When it comes to registering a trademark or an official statement, many new business owners get confused. Since the term, ‘abandoned trademarks’ sounds a bit ambiguous, they are often unsure of the next step they should take. The concerned entity in your region will decide whether or not your trademark is eligible to be officially registered. Since not all trademarks meet the requirements, they are declared dead or abandoned. Here is everything you need to know about dead trademarks and relevant applications that are abandoned.
Why Did Your Trademark Die?
If you fail to use your trademark with consistency or to renew it before its deadline, it can be labeled as ‘dead’ or ‘abandoned. Even though new business owners have this misconception that trademarks live forever, there are still some challenges and rules that everyone must adhere to. This will keep their trademark alive, which will also reflect in the USPTO’s records. The declaration of your trademark being dead by the Trademark Office is also considered authentic. Note that similar-looking or same trademarks are also not registered by the Trademark Office. This means that the trademark is already abandoned even before the registration has matured. A lack of market research and awareness often causes this issue. Sadly, this is a common occurrence in the business world.
How Can you Revive an Abandoned Trademark?
To answer the initial question, yes, you can revive an application for a dead trademark. A procedure related to filing a petition needs to be carried out by the business owner.
Your Dead Trademark
At times, you may not have the intention of abandoning or deactivating your trademark, in which case, the relevant entity will declare it dead. However, you have the opportunity to revive your trademark, through an application process called Petition to Revive. You must take certain key considerations into account, such as the Abandonment Notice date, marketplace protection, and the process of re-registering your trademark with the USPTO. You are also obliged to take an oath and swear that the delay or inability to meet the renewal deadline was unintentional. Check the date when the notice was issued and mark 60 days until renewal. Some confuse this deadline with the 60-day period they have once they receive the notice, which is wrong.
If you are unable to file an application or revive your trademark through the Petition to Revive, you can look into certain trademark protections that will enable you to use your trademark for your business. Since this route is much more challenging and limited, many try to avoid it. Moreover, you will not be able to use it in any other region. However, if you are desperate to revive your trademark, you can consider this path. Note that if you are accused of copyright infringement, fighting in court with your trademark protection will be even more difficult. To get hold of the rights, you must restart the procedure from scratch and register it again. Take help from a lawyer to fill your application and submit it to the USPTO.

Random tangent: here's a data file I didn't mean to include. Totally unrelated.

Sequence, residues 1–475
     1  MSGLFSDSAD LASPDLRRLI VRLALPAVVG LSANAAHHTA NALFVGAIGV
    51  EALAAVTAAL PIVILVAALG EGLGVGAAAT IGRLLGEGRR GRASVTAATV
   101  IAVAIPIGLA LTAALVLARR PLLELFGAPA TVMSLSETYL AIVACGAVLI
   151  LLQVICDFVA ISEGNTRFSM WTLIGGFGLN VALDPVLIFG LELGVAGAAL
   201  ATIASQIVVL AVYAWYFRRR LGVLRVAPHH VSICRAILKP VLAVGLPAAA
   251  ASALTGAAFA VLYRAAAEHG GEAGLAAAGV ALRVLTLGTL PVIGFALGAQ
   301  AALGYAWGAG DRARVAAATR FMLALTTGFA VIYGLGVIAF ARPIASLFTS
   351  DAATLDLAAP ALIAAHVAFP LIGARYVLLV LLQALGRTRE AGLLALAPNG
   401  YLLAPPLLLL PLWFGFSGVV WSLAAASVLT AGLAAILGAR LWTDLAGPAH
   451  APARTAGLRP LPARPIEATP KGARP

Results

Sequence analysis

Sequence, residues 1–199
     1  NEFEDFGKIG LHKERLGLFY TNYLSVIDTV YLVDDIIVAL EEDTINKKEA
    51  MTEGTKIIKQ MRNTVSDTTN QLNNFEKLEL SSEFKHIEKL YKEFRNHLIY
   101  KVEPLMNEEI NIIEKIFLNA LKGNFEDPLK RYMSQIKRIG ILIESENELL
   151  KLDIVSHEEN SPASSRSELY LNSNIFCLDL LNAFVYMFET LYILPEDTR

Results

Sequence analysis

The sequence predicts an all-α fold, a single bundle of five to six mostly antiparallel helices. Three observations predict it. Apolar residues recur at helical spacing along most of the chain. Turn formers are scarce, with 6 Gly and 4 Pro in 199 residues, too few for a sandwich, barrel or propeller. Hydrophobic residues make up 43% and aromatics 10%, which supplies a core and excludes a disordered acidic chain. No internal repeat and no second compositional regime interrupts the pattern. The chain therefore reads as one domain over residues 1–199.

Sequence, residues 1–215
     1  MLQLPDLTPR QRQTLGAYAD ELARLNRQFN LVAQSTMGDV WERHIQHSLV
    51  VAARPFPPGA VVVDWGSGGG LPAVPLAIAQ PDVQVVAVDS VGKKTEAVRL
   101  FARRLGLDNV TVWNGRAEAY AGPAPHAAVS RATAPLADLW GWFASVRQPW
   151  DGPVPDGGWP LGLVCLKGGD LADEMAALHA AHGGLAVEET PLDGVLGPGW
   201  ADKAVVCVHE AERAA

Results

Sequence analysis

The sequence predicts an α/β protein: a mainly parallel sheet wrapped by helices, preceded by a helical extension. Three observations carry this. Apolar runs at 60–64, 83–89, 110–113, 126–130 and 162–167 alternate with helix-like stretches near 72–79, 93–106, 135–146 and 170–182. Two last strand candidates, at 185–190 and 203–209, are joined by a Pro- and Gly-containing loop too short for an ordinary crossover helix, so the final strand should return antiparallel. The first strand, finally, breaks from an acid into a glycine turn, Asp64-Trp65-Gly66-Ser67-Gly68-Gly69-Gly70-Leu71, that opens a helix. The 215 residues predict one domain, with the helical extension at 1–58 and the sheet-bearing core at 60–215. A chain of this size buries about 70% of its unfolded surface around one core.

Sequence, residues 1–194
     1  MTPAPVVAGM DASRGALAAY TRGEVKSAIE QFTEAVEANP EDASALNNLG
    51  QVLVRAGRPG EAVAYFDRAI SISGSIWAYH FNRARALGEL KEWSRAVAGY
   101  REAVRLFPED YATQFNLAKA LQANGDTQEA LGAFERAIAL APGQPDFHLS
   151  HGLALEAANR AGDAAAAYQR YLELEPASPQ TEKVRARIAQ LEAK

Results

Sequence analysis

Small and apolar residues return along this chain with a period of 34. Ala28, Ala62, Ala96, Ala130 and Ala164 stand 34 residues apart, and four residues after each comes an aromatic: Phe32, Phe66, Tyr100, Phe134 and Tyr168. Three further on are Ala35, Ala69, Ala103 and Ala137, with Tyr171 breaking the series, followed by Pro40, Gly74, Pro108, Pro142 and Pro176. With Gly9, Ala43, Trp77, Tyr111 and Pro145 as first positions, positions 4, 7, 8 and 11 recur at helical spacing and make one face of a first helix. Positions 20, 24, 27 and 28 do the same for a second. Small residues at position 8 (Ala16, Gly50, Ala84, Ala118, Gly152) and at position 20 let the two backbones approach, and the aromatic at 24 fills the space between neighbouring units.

Someone Else’s Trademark
Along with reviving your trademark, you can also revive another entity’s dead trademark and make it your own. Before you officially make the trademark your own, conduct proper research and determine the true value of the symbol. Learn the true reason behind finding the trademark and making it your own. A trademark search should also be conducted to know why it has been abandoned or dead for a long period. Note that just because a particular trademark is marked abandoned on the USPTO list, it does not give you the liberty to pick it up for your own needs.
The USPTO list and status aren’t the sole criteria to decide if you can buy the rights of a particular trademark. If that trademark or the logo is used by the owner to promote their online business or in commerce, you are not eligible to use it on legal grounds. However, if not, you can pick it up and register it under your company’s name. To double-check whether or not the trademark is fully available for use, conduct thorough research and check the company’s website along with their social media and other online presence. Your attorney can help you get deeper insights into this matter. If you find that the trademark is truly abandoned, you can take your request to the USPTO.
The process of registering official and abandoned trademarks can be a bit complicated and difficult to comprehend. While conducting thorough research is advised, it can be a bit challenging without the help of an expert. This is why seeking help from an attorney is highly advised when you’re trying to revive an abandoned trademark.